• Options to change the way tools are offered and presented to customers – either as default (with opt out) or mandatory for all new customers – and proposals to encourage existing customers to review their limits or set new limits.
  • Improving consistency for consumers around the type of limits offered, which would require all operators to offer deposit limits, even if they offer limits such as spend or loss limits as well.

31. The Gambling Commission engaged with a number of interested stakeholders in developing these proposals and has received constructive and supportive input from the industry. It will be publishing its consultation response and final policy position on customer-led tools in due course.


The Committee’s recommendations:

  • Social casino products are the latest example of the convergence between video games and gambling. Though it has responded to the specific issue of loot boxes, the government must address this wider trend to ensure harms, particularly to children, are prevented. It will be more difficult to do so if gambling continues to be defined solely on the basis of whether a prize from a game can be cashed out. The government should review the case for banning children’s access to social casino games. (Paragraph 62)
  • We support the proposed introduction of enhanced online gambling protections for young adults aged 18–24. The government, Gambling Commission, and gambling operators must ensure these measures do not unintentionally lead to more adults in this age group giving a higher age at account-creation. (Paragraph 65)

32. The Government pays close attention to novel and emergent forms of gambling and gambling-like products, including social casino games, to ensure that appropriate regulation is in place. The Committee has recognised our work with the video games industry to improve player protections with regards to loot boxes. We continue to work with the Gambling Commission to monitor areas where there is a potential blurring of lines between video games and gambling, and understand the risks posed. The Government is of the view that the ability to legitimately cash out rewards is an important distinction for gambling products. Where video games do amount to unlicensed gambling, the Gambling Commission has shown it will take strong action, for example by blocking payments and delisting websites. We recognise that social casino games may pose a risk to players, including children and young people, and we continue to monitor their impact. In 2023, we published the Video Games Research Framework to improve our understanding of the positive and negative impacts of video games.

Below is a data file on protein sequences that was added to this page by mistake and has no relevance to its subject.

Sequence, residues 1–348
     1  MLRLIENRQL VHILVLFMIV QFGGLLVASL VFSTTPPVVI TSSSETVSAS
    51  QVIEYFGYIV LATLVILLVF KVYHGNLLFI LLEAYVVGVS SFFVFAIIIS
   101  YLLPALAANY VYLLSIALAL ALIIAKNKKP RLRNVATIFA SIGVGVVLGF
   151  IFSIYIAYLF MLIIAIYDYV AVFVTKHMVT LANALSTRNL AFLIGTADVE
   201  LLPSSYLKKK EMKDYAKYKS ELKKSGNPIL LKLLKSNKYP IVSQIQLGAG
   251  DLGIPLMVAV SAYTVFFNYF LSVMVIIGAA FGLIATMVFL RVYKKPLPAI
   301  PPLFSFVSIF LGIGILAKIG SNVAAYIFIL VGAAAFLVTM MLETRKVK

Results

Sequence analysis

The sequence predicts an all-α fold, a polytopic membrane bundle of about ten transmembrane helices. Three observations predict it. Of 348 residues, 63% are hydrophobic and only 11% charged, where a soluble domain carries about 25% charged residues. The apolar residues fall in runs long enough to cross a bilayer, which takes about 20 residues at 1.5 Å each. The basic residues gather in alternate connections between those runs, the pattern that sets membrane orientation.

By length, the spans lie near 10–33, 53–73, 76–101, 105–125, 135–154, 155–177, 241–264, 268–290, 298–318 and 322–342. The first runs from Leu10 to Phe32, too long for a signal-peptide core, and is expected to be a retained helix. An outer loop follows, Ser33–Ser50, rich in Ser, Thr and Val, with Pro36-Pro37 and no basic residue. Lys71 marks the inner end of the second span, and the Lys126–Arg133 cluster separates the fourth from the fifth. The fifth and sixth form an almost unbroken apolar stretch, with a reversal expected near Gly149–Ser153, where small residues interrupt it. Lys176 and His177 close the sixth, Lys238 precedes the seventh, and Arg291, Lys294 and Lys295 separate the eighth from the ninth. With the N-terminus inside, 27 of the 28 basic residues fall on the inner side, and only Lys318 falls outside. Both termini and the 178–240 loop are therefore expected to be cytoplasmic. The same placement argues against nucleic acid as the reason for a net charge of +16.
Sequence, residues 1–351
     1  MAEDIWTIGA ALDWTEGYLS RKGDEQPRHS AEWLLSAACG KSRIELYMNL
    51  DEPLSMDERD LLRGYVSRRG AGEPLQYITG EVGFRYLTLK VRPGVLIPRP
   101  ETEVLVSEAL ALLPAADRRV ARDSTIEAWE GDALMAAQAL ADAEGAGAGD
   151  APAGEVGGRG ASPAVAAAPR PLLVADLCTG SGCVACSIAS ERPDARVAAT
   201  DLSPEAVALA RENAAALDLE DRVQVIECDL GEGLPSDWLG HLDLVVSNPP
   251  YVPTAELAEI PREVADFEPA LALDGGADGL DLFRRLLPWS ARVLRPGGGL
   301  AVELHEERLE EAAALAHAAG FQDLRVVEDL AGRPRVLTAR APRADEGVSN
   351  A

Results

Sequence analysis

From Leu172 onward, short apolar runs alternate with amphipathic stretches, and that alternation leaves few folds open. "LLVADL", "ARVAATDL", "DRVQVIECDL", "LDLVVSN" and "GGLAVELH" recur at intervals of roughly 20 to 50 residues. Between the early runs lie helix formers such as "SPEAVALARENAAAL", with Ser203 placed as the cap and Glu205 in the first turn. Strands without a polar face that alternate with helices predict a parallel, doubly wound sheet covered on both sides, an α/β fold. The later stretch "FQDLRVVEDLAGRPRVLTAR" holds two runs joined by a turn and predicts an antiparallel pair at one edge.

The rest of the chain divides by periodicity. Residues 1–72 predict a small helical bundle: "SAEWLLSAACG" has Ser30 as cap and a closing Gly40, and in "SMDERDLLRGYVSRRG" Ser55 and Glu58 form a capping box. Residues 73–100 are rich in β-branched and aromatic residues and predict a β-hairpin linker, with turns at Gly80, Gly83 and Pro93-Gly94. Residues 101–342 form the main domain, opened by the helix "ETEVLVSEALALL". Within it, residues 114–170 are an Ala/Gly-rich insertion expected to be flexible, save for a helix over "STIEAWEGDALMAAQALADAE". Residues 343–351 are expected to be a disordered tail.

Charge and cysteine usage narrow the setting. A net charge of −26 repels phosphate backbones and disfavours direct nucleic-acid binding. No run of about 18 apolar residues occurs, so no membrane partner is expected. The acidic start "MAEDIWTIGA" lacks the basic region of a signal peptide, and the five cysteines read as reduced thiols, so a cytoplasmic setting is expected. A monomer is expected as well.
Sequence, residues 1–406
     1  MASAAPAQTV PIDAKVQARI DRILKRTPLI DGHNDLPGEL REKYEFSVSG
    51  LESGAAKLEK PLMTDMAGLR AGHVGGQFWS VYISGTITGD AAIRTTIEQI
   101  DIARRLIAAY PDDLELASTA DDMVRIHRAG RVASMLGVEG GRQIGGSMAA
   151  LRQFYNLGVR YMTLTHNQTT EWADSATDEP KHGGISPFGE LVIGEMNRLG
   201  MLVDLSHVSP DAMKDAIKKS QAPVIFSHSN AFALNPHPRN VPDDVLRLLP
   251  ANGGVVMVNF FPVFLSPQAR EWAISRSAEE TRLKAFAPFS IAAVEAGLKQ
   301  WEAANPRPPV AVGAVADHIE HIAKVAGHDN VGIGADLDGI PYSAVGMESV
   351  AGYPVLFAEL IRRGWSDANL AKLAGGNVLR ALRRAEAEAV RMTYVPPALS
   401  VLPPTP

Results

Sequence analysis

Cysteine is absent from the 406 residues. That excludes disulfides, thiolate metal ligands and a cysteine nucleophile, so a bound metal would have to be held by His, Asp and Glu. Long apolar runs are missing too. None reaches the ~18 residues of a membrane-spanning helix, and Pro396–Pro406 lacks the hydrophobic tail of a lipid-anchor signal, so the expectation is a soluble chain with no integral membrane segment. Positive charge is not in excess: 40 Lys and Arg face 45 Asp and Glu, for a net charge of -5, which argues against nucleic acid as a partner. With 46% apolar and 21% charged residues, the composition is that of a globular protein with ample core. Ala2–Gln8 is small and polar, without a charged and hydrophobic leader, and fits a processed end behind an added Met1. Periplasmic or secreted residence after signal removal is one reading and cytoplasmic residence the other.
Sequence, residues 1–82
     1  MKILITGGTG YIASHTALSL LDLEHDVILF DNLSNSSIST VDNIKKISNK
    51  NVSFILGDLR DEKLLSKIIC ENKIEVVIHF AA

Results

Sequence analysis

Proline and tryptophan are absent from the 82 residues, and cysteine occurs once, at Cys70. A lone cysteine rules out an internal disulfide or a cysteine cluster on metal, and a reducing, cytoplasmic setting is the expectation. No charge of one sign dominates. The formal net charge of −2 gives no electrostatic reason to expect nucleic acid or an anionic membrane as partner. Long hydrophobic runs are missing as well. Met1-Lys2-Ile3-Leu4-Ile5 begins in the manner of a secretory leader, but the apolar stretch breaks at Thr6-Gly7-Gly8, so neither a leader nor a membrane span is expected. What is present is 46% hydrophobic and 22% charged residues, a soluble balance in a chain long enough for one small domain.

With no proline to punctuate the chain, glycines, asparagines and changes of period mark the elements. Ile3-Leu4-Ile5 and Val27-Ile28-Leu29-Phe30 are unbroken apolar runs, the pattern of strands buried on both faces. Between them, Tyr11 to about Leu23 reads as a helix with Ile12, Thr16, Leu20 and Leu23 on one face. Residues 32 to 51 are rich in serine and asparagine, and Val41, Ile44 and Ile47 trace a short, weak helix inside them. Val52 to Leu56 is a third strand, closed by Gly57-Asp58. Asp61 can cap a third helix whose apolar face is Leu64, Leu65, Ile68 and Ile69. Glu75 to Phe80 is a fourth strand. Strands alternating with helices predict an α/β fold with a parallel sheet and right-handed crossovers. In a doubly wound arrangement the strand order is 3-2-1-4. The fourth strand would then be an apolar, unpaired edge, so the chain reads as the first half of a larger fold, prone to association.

33. We welcome the change that the Pan European Game Information (PEGI) age rating system introduced in 2020, which ensures newly released or significantly updated video games that simulate, encourage, teach, or glamourise gambling are automatically rated as 18. They must also include product descriptions to highlight the presence of simulated gambling or prominent gambling imagery.

34. The Games Rating Authority (GRA), the government’s designated body for issuing PEGI age ratings for video games sold in the UK, has also manually checked the 700 most popular pre-2020 online-only products believed to involve simulated gambling and where appropriate has changed ratings to PEGI 18. PEGI ratings are required on all physical copies of video games sold in the UK and are also used by major consoles (Nintendo Switch, PlayStation, Xbox) and digital storefronts including Google Play and the Microsoft Store. These standards are already notably stricter than those operated by many other international territories.

35. The Government welcomes the Committee’s support for our introduction of enhanced online gambling protections for young adults aged 18 to 24. The Gambling Commission’s licence conditions require online operators to verify the name, address, and date of birth of customers before allowing them to gamble. As such, if a customer tries to enter a falsified date of birth at account registration, the verification process should identify such an anomaly and prevent the account being opened. It is this knowledge that will then help to inform the protections that operators will put in place on the customer’s account.


The Committee’s recommendations:

  • There is an urgent need to better understand the effects of gambling advertising on the risk of harm. The evidence for a link between advertising and gambling harm currently appears much stronger than evidence indicating there is a risk of displacement to the black market if gambling advertising were restricted. The government must commission independent longitudinal research on the link between gambling advertising and the risk of gambling harm, including specifically for women and children. (Paragraph 78)
  • While the existing evidence base does not show a causative link between gambling advertising and harm, it seems clear that advertising encourages participation in gambling and that this effect is more pronounced for children and those vulnerable to gambling harm. Though the White Paper’s proposals regarding direct marketing and promotional offers are welcome, the government should have taken a more precautionary approach to gambling advertising in general—particularly to minimise children’s exposure. We do not consider that a complete ban on gambling advertising would be appropriate, but this still leaves scope for further regulation beyond that proposed by the government. (Paragraph 84)